Knesset members from both sides of the political divide are set to present ministers with a bill Sunday that would prohibit the export of Israeli arms to countries with egregious human-rights records.
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The draft law was submitted by MK Yehudah Glick (Likud) and Agriculture and Rural Development Minister Uri Ariel (Habayit Hayehudi). And in a rare display of cross-aisle support, opposition lawmakers including MKs Tamar Zandberg and Ilan Gilon (both Meretz), Dov Khenin (Joint List), and Yael German, Meir Cohen and Elazar Stern (all Yesh Atid) also signed on as sponsors, as did Ariel’s party colleague, MK Moti Yogev.
“This bill is of ethical and public importance because we have a duty to increase the supervision of defense exports so as to prevent the misuse of Israeli arms,” Ariel wrote in a message to the Ministerial Committee for Legislation.
He added that the state should take moral factors into consideration, in addition to economic and political ones. Identical draft laws proposed in the previous government failed to win the support of the cabinet.
The preamble to the bill states that as of the end of 2013, the Defense Ministry had issued 400,000 arms export and marketing licenses to 130 states and other entities.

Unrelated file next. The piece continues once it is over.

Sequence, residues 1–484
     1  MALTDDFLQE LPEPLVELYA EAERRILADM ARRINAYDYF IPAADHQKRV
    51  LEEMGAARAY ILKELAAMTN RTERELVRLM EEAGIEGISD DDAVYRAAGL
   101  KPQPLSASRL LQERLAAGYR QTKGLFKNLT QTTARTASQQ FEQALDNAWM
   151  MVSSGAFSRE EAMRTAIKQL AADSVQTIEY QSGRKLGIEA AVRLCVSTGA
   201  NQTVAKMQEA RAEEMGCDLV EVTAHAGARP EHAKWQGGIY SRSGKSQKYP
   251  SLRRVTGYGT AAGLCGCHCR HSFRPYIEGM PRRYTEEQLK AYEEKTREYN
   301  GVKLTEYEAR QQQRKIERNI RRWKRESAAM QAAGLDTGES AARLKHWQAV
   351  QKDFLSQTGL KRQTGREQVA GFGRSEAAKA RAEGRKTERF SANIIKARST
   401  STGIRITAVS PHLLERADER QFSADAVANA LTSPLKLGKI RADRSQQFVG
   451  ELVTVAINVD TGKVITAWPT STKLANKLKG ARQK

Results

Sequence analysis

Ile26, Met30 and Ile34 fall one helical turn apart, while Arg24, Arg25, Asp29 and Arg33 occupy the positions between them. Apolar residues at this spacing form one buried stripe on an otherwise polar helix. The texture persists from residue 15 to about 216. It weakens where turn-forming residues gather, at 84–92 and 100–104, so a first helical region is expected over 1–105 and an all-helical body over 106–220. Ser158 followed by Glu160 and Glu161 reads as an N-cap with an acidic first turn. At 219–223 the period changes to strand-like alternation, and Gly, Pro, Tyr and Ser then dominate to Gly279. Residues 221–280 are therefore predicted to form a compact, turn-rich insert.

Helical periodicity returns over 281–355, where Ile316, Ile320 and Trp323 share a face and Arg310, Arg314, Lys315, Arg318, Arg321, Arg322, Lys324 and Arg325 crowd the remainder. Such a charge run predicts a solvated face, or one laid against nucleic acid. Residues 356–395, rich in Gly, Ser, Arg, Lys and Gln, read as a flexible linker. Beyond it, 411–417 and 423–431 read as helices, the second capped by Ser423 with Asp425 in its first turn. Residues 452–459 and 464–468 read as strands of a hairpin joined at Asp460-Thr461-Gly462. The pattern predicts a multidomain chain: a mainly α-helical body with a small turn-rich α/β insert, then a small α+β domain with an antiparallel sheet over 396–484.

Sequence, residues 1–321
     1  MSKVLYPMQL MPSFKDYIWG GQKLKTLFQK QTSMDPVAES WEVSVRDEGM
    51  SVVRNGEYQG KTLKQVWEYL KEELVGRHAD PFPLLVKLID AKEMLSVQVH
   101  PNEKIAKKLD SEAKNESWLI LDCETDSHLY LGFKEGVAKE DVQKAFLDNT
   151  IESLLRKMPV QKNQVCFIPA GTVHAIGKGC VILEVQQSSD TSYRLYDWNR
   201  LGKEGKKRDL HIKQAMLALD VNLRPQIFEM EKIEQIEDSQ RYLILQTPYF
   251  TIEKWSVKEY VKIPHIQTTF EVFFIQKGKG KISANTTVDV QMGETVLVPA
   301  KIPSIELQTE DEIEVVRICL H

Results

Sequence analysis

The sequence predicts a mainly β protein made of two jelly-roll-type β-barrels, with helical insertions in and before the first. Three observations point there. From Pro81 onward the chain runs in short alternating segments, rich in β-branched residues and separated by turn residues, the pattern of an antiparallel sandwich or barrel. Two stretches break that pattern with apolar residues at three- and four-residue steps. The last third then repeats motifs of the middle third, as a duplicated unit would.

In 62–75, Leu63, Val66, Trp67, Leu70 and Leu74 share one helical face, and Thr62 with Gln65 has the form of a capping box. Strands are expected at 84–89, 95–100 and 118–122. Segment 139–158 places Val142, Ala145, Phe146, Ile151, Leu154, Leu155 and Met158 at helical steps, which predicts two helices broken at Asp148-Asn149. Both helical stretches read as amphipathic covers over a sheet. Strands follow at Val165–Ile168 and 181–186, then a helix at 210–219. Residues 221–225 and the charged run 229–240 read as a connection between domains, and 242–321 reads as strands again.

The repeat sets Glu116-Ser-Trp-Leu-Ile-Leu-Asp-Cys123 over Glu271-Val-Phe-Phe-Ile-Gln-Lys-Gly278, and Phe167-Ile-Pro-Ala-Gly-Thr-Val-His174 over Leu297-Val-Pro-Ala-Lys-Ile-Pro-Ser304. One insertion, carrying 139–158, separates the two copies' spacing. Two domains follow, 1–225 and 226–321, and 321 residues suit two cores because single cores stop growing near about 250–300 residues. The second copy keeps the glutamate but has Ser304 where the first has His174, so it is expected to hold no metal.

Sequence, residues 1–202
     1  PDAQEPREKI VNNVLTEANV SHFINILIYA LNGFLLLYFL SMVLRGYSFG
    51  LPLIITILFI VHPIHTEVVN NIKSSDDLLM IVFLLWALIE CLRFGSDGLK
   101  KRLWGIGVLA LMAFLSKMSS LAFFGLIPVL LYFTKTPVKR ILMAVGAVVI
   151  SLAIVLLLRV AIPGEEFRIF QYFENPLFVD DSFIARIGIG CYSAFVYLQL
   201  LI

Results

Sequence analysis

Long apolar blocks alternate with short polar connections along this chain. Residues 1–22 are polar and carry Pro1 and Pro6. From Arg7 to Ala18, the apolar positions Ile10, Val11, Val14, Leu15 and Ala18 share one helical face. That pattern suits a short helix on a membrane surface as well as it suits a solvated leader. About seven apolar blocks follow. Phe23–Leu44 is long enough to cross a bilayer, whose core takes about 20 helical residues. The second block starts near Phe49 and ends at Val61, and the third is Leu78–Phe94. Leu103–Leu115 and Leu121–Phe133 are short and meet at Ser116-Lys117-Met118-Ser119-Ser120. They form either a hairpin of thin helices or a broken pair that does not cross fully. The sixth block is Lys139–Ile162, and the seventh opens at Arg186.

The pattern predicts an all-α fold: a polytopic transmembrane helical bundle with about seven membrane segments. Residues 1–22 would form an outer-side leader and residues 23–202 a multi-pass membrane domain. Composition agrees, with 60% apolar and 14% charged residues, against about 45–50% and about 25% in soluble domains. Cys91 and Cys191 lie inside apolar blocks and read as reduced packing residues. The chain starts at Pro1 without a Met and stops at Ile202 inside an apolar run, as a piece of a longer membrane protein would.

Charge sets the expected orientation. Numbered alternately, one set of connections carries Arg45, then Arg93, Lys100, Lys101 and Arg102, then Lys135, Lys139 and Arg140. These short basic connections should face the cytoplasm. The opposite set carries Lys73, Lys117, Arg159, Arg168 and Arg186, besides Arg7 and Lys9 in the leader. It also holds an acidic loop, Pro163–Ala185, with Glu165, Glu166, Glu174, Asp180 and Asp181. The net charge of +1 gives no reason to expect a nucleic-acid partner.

“According to the United Nations, over the years Israel has exported defense equipment to states in which grave human-rights violations were being committed at the time. For example, according to UN records, Israeli defense exports to Chad took place in 2008 during a vicious civil war. In the same year, there were defense exports to Rwanda, where, according to the U.S. State Department, that country’s military committed serious human-rights violations. Rwanda was involved militarily in the Democratic Republic of Congo, including arming rebel militias – some of which used child soldiers. The UN records also highlight Israeli defense exports to Kenya in 2011, when, according to the State Department, that country’s security forces were involved in torture, rape and extrajudicial killings.”
The bill would limit defense exports to states in which the Foreign Ministry has clear information that the military forces of those countries have committed severe human-rights abuses. The draft law stipulates criteria for this information, including a requirement that the information come from private individuals and organizations. The draft law is based on similar legislation in the United States.